- Consistently, the dative will be translated via the English "to" or "for."
- The most concrete (and most common) use of the dative is to indicate the indirect object.
- He gave the pot to Euclio. (Here, "he" is the subject and "pot" is the direct object; "to Euclio" indicates the person in whose interest the action was conducted.)
- Warning: English speakers, hearing the word "to," will immediately make an association with the idea of motion. But motion toward something, as we have seen, is the province of the accusative case: the dative is never used to indicate the goal of motion except in poetic texts (and even there it doesn't literally indicate motion but rather implies it). In Latin, the sentence in the above example indicates that the action was undertaken in Euclio's interest or to his advantage or in some way that affected him. The best way to illustrate this is to consider some other examples:
- He took the pot from Euclio. (Here, "from Euclio" would again be in the dative in Latin, indicating that the action immediately concerned Euclio, this time to his disadvantage. As we will see below, if the Roman speaker wanted to say literally that the person removed the pot from Euclio's vicinity, he/she would employ the ablative case.)
- This is difficult for me (i.e., so far as I am concerned).
- He seemed to me to be a fool.
- The most abstract use of the dative is the so-called ethical dative, which indicates that the statement is offered for someone's consideration (often, but not always, with an implication of irony or indignation) or as something that concerns him/her. Modern English readers would perhaps be most likely to run into this dative in the works of Shakespeare or other Elizabethan authors.
- I am not yet of Percy's mind, the Hotspur of the North; he that kills me some six or seven dozen of Scots at a breakfast, washes his hands, and says to his wife, 'Fie upon this quiet life! I want work.' (I Henry IV II.iv.113-15)
- at tibi repente venit ad me Caninius. ["But — I tell you!/Can you believe it?! — Caninius suddenly came to me!"]
- The Ablative Case (Abl.)
- The ablative case in Latin is associated with three main functions:
- The "true" ablative, indicating separation (as the name implies)
- She departed from the station.
- They got out of town.
- Note that, as in the second example, the idea of separation is often associated with the genitive in English: hence the use of the word "of." Latin consistently employs the ablative in contexts where the idea of separation is implied. (For an apparent exception, see above on the so-called "dative of disadvantage.")
- The ablative used to indicate location in a specific spot or a rigorously defined area
- They are in the house.
- We sat on the chair.
- He slept under the bench.
- It is perhaps useful to imagine the ablative in this sense as a specific point or as a point within a well-defined region.
- The ablative indicating instrument (or means) or accompaniment
- They hit me with a stick. (instrument/means)
- I do not write well with a pencil. (instrument/means)
- We went to the store with our friends. (accompaniment)
- He sang with great gusto. (accompaniment: the ablative of manner)
- We will find that, where English employs "with" in each of the above sentences, the Latin involves quite distinct constructions.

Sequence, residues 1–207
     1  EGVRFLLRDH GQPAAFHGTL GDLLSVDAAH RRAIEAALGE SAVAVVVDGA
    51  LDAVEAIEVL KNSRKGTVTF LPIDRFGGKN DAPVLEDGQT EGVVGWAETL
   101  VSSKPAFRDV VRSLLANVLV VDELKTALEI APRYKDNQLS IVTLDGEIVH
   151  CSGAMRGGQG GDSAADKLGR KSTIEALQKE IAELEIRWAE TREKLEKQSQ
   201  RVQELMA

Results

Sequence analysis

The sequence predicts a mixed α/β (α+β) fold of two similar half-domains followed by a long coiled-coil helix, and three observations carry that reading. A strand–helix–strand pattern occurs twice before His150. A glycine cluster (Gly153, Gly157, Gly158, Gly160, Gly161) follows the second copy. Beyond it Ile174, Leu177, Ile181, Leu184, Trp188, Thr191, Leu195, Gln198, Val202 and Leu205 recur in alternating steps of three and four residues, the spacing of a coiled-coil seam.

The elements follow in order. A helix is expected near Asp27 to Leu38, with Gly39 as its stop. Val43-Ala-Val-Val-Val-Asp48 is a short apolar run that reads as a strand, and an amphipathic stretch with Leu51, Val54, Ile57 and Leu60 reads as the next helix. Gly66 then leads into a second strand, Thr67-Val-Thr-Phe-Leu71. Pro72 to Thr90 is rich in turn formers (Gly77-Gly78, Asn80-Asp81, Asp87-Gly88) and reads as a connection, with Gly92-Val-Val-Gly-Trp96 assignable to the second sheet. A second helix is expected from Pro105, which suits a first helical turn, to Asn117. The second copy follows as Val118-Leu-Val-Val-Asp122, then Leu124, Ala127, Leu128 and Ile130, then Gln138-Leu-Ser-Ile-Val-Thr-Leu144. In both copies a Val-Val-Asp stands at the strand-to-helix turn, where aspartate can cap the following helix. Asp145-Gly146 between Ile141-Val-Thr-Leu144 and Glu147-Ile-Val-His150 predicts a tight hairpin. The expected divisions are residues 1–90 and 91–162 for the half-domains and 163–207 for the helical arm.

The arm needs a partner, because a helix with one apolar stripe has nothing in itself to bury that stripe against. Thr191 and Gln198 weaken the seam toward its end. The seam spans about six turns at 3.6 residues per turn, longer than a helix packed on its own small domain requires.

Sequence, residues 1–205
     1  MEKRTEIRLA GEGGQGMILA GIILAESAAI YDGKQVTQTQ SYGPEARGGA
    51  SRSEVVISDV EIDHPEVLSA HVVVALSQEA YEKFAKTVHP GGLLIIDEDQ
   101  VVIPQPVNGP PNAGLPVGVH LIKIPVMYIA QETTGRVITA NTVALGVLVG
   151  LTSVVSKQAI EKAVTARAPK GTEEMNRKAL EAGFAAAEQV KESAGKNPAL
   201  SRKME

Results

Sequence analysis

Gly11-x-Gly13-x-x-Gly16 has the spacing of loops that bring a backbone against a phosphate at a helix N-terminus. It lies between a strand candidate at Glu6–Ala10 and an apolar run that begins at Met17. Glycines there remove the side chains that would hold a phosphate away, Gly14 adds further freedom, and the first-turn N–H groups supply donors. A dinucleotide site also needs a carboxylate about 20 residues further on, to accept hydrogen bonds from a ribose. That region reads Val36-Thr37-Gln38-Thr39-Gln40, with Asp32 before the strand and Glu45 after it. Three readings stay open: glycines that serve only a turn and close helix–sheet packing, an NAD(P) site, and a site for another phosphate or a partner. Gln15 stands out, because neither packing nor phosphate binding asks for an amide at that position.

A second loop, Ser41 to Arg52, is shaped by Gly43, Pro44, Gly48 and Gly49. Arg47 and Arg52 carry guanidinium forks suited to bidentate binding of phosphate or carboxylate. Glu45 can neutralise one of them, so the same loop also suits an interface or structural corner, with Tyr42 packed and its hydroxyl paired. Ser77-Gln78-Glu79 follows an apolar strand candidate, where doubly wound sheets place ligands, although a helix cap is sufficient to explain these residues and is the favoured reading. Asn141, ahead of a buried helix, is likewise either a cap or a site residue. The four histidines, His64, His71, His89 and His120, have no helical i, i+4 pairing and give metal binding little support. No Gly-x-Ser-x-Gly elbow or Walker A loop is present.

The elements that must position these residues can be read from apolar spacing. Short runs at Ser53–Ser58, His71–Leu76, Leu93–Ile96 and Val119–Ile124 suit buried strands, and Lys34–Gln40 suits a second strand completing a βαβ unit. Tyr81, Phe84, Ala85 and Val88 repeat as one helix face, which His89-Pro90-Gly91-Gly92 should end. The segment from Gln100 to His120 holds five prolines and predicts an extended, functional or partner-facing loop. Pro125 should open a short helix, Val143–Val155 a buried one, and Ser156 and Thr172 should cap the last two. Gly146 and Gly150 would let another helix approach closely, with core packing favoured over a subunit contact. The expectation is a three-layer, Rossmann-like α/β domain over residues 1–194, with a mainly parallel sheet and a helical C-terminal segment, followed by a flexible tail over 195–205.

- The Vocative Case (Voc.)
- The vocative case is used to address someone or something directly.
- Such addresses stand outside of the construction of the sentence and are really a type of interjection.
- The vocative is easily recognized: it generally looks exactly like the nominative (the main exception: the vocative singular of second-declension nouns in -us) and is separated from the rest of the sentence by commas.
- Get over here, Jim!
- Jim, you have got to be the laziest person on the planet.
- Jim, they're over here! (Here "Jim" is quite clearly a cry to get Jim's attention, since "Jim" plays no role in the sentence proper.)
- Have you seen the neighbor's cat, Jim? (where it is assumed that the neighbor's cat is not named Jim)
- Note on Prepositions
- A number of the above case usages involve the use of prepositional phrases in English — that is, the English translation employs a combination of a preposition and a noun ("to the store," "of tin," "for me," "in the house," "with a stick," etc.).
- Latin also uses prepositions, but not as extensively as does English. Often the use of a noun in a specific case all by itself will indicate a notion that in modern English requires a prepositional phrase. That is, the case of the noun all by itself, in accordance with the principles set out above, conveys the sense of the modern English prepositional phrase.
English once had such usages but dropped them for the most part. Consider the following expressions:
- here (= "at this place")
- hither (= "to this place")
- hence (= "from this place")
- there (= "at that place")
- thither (= "to that place")
- thence (= "from that place")
- where (= "at what place")
- whither (= "to what place")
- whence (= "from what place")
- When Latin does employ a prepositional phrase, the preposition in effect merely reinforces the sense that is already inherent, in some fashion, in the form of the noun itself.
[FN 1] The word case comes from the Latin word for a falling (casus), since each of the cases after the nominative tended to be written in an indented column underneath the nominative case and so seemed to be "falling" or cascading down from it. By the same logic, the non-nominative cases (accusative, genitive, dative, ablative) are often referred to as the oblique cases. [Return to text]